39 – Hasselback Potatoes

If only I’d known it was this easy! Seriously…

If only I’d known that it was so easy to create such an amazing, standout, impress-everybody-within-a-ten-mile-radius side of potatoes, I would’ve done it ages ago. The wasted years of not using this technique, of serving something boiled and mashed and altogether far too ordinary, those will haunt me well into my golden years. Regret overwhelms me…

Okay, so maybe (just maybe) I’m being a little overdramatic. It’s just, well, that these potatoes were not only delicious, but they looked totally baller. And, for the record, I don’t normally use the word “baller”; new and improved, Hasselback Potato-making James, on the other hand – he totally does, like, all the time.

Jokes aside, these potatoes were not only delicious, but extremely simple to prepare. While I didn’t really use a recipe (it’s as simply as wash, cut, add butter, sprinkle salt and pepper, cook, add more butter, cook, then devour), I used advice from thekitchn.com to help guide me. Absolutely every ingredient I used on my Russet potatoes  – unsalted butter, salt, and pepper – went unmeasured, based off of guesswork and feel. In the end, it made for a fancy-looking (or “baller) side dish that not only earned the affection of my wife, but seemed to also impress the guests we had over for dinner last night.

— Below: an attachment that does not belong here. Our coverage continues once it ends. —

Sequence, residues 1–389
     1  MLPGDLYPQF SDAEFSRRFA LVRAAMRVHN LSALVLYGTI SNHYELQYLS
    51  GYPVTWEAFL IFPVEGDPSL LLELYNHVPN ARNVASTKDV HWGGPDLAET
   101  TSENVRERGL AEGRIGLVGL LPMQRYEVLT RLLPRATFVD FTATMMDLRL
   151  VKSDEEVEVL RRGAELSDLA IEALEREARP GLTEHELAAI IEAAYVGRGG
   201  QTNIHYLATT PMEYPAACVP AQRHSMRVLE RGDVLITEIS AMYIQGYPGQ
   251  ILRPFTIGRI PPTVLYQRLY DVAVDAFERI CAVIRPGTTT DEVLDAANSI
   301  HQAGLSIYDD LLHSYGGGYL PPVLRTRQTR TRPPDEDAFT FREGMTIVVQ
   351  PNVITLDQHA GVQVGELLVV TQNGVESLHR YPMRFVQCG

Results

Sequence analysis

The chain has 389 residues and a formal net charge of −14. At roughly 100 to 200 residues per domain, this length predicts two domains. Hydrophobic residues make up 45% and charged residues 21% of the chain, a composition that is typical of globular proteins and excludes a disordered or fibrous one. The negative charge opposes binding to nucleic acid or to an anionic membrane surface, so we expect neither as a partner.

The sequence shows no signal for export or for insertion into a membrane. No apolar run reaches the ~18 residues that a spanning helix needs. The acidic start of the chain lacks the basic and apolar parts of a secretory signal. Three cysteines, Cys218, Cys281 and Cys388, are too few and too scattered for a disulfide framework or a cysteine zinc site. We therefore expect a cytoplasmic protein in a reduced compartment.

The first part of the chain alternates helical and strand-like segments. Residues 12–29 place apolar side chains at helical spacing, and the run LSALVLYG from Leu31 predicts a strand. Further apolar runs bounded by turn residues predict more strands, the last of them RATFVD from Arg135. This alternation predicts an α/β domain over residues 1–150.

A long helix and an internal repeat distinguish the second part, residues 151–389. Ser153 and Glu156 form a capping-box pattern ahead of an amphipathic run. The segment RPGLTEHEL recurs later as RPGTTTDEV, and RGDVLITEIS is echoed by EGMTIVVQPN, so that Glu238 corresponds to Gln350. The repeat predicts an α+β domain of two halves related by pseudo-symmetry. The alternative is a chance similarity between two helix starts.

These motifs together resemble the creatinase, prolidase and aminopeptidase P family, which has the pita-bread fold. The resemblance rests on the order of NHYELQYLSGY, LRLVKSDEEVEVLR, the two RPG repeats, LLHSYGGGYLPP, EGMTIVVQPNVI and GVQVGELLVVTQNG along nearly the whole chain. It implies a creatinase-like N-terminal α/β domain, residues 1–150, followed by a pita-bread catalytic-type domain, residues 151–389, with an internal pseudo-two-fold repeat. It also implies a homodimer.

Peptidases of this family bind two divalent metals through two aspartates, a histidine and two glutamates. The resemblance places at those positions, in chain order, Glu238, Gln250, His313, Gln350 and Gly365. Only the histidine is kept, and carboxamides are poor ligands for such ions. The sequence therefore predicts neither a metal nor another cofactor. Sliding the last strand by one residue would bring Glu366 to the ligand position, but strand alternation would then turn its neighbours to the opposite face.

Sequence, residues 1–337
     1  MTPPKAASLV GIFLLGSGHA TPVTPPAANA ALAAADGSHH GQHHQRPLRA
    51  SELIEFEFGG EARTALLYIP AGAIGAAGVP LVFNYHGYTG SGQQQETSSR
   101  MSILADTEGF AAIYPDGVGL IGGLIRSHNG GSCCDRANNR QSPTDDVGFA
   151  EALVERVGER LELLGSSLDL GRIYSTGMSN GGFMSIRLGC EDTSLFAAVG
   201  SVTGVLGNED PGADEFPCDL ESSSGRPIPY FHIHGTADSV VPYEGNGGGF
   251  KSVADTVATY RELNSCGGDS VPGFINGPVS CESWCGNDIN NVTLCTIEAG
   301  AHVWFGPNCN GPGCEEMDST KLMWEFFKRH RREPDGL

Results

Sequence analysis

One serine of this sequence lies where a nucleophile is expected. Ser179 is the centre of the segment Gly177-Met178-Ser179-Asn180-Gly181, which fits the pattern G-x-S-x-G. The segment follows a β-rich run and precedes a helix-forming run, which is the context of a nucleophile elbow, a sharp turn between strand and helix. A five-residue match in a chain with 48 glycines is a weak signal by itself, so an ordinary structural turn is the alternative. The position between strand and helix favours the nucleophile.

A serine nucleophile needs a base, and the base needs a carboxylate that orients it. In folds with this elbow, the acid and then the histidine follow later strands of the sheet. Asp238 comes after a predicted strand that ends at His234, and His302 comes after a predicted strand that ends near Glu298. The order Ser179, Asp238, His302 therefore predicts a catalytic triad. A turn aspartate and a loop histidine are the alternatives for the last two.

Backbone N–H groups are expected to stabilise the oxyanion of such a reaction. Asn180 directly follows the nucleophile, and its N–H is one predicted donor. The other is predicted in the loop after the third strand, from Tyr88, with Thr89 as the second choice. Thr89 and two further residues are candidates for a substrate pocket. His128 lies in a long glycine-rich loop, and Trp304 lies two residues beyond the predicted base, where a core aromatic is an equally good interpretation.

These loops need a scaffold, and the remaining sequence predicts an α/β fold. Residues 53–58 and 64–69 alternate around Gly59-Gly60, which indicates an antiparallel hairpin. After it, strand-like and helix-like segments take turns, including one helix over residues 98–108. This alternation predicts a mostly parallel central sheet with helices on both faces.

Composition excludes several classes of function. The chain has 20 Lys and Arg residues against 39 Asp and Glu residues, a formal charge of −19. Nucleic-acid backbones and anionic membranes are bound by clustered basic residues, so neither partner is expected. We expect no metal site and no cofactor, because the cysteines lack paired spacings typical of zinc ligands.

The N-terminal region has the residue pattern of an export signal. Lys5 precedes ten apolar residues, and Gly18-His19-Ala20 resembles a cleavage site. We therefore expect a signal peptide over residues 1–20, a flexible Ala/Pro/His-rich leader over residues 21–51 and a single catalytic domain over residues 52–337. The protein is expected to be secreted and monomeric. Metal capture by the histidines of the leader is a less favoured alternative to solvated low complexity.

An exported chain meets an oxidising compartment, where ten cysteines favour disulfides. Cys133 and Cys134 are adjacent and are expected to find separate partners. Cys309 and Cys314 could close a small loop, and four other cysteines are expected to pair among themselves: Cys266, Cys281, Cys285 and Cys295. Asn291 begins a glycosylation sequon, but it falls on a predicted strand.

As the pork chops that accompanied it are also a brand new recipe for me (that one being from Mr. Jamie Oliver himself), you will notice some overlap of pictures. To prevent overlap of anecdotes, and to emphasize how simple this dish is (really, almost too simple to warrant its own post), I’m keeping this brief.

No real time for super-posed shots, as these were about to be served to our guests. Thanks to the glass baking dish, you can see my favourite trivet/wall art underneath, which features First Nations artwork local to British Columbia (it really was marketed not only as a trivet, but also as a piece to be displayed on your wall).
A hint of what’s to come: that little bit of green in the corner is sage that didn’t quite make it where it was supposed to go (on the pork chops).

Hasselback PotatoesThat’s it – super brief. Anyways, until next time, “happy cooking!”

This post is being shared – like a few of my others – over at Fiesta Friday, which is co-hosted this week by Anna @ Anna International, and the ever-present Angie @ The Novice Gardener. Thanks to both ladies for putting in the time and effort into what, for me, has become a great source of views, borrowed ideas, and blog-world contacts. Happy FF, everybody!


8 thoughts on “39 – Hasselback Potatoes

Find this interesting? Post a comment

Fill in your details below or click an icon to log in:

WordPress.com Logo

You are commenting using your WordPress.com account. Log Out / Change )

Twitter picture

You are commenting using your Twitter account. Log Out / Change )

Facebook photo

You are commenting using your Facebook account. Log Out / Change )

Google+ photo

You are commenting using your Google+ account. Log Out / Change )

Connecting to %s